And some smaller, faster-moving stocks are also doing well in this selective environment. One of my favorite stories in the mid-cap space is Fleetmatics (FLTX)—it’s on my watch list in Cabot Growth Investor, and it also appeared in Cabot Top Ten Trader two weeks ago:

“Now here’s an easy-to-understand story with lots of potential. Fleetmatics is a leader in cloud-based software that aids with corporate fleet management, helping companies better manage fuel costs, vehicle wear and tear, and even wasteful idling, while also keeping an eye on unproductive worker behavior, unsafe driving, unauthorized vehicle use and excessive overtime. Simply put, Fleetmatics saves companies lots of money by cutting down on waste and increasing productivity; one example showed that a customer’s $640 investment ($40 per month, per vehicle) saved $4,200 per month! Plus, the company also offers field service management, improving communications, scheduling, and invoices. The fleet management and field service businesses are in their infancy; both have penetrated just 12% to 17% of the North American market (where 90% of its business comes from), so there’s years worth of growth potential left. Another big thing to like is the company’s subscription-only business model—like most cloud companies, clients sign up for initial terms (usually three years), pay monthly and renew at extremely high rates. Fleetmatics has about 90% of its revenues booked each quarter before the quarter even begins! There is some competition, but Fleetmatics is a leader, with 655,000 subscriptions at the end of Q3 producing consistent and fast growth in recent quarters. It’s a great story.”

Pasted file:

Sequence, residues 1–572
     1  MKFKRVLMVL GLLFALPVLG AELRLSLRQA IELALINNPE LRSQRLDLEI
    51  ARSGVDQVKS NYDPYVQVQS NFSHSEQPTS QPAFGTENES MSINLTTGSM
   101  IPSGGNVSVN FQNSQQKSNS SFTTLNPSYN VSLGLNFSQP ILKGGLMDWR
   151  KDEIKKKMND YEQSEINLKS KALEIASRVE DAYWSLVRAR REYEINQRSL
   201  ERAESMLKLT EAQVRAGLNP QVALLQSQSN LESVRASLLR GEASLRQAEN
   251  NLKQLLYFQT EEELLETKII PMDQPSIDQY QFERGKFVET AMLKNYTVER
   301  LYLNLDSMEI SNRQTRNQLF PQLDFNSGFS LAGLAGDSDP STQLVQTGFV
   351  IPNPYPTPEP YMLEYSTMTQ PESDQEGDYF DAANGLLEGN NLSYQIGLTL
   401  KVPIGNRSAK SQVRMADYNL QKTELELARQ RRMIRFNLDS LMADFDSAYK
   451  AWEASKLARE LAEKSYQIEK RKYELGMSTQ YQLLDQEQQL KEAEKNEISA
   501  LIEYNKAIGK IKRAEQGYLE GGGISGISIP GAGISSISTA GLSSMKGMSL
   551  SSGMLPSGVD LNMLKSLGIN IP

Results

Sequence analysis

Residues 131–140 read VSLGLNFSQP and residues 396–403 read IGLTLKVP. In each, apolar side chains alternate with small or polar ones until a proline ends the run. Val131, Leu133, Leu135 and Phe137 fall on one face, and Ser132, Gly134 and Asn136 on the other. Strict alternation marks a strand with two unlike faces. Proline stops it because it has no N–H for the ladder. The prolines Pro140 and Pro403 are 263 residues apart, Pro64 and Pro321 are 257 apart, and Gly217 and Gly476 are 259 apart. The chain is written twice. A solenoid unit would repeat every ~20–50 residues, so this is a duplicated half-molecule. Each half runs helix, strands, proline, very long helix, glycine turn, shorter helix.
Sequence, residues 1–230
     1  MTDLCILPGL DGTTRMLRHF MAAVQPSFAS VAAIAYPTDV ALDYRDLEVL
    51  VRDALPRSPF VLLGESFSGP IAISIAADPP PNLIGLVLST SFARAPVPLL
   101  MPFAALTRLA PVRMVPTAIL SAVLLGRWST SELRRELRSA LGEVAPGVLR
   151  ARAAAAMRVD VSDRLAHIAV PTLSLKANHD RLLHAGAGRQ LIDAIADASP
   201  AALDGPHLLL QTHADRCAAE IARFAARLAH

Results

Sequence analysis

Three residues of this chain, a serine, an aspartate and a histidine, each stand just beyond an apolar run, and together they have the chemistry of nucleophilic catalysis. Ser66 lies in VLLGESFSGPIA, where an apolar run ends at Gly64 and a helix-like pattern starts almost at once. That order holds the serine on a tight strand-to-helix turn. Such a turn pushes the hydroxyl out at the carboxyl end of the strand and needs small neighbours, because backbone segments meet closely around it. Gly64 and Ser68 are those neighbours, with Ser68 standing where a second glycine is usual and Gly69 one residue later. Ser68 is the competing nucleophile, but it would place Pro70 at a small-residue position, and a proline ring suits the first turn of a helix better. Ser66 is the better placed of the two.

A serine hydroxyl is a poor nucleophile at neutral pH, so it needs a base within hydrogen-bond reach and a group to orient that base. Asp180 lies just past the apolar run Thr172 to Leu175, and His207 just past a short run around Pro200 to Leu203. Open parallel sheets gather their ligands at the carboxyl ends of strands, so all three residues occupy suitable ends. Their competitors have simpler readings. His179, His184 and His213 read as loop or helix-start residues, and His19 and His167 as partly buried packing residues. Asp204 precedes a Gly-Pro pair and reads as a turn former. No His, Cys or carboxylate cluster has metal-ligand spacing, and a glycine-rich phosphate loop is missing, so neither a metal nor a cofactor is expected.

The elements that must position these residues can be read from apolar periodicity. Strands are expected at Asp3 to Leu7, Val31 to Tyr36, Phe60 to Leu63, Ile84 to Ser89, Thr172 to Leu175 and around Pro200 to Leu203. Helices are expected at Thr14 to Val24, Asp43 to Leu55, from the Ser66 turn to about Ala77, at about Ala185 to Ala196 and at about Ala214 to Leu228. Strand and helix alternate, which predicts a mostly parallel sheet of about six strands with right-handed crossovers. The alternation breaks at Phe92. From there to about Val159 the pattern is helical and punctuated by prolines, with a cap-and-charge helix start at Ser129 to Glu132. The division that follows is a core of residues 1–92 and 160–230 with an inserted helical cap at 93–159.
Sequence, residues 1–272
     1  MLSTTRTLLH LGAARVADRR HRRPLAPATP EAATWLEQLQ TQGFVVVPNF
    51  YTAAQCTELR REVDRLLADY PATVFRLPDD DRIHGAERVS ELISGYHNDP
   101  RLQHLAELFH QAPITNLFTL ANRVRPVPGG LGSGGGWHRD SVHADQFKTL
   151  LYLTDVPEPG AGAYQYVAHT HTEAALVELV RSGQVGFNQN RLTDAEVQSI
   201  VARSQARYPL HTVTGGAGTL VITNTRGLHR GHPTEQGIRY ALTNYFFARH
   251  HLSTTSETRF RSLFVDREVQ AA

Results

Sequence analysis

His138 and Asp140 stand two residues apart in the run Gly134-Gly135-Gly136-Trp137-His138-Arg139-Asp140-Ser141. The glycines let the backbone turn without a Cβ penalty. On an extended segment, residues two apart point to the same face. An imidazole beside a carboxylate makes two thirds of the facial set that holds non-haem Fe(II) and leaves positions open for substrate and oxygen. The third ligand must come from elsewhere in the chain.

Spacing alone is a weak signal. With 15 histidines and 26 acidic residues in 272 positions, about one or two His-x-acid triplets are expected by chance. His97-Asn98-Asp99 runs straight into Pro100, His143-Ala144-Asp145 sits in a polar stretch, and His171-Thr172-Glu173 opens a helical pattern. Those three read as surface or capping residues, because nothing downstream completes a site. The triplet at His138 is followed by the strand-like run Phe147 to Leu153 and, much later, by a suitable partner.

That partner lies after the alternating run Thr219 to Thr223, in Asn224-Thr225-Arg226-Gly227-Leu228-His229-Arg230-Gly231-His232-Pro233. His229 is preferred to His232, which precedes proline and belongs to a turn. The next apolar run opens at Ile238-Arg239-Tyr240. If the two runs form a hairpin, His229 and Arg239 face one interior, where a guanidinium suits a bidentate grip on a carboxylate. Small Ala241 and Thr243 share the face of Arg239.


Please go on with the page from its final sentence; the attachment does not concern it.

FLTX consolidated nicely over the past three weeks, and remains in a firm uptrend. If you want my latest advice on FLTX and, more importantly, if you want to discover the stocks where the big money is flowing, I urge you to try out Cabot Top Ten Trader—our system never misses out on the market’s leaders because we specifically look for strength (and then identify lower-risk entry points and loss limits for subscribers). 

I hope you’ll join us, especially if the market’s rally accelerates!

Sincerely,

Michael Cintolo
Chief Analyst, Cabot Growth Investor and Cabot Top Ten Trader


Michael Cintolo can be found on Google Plus.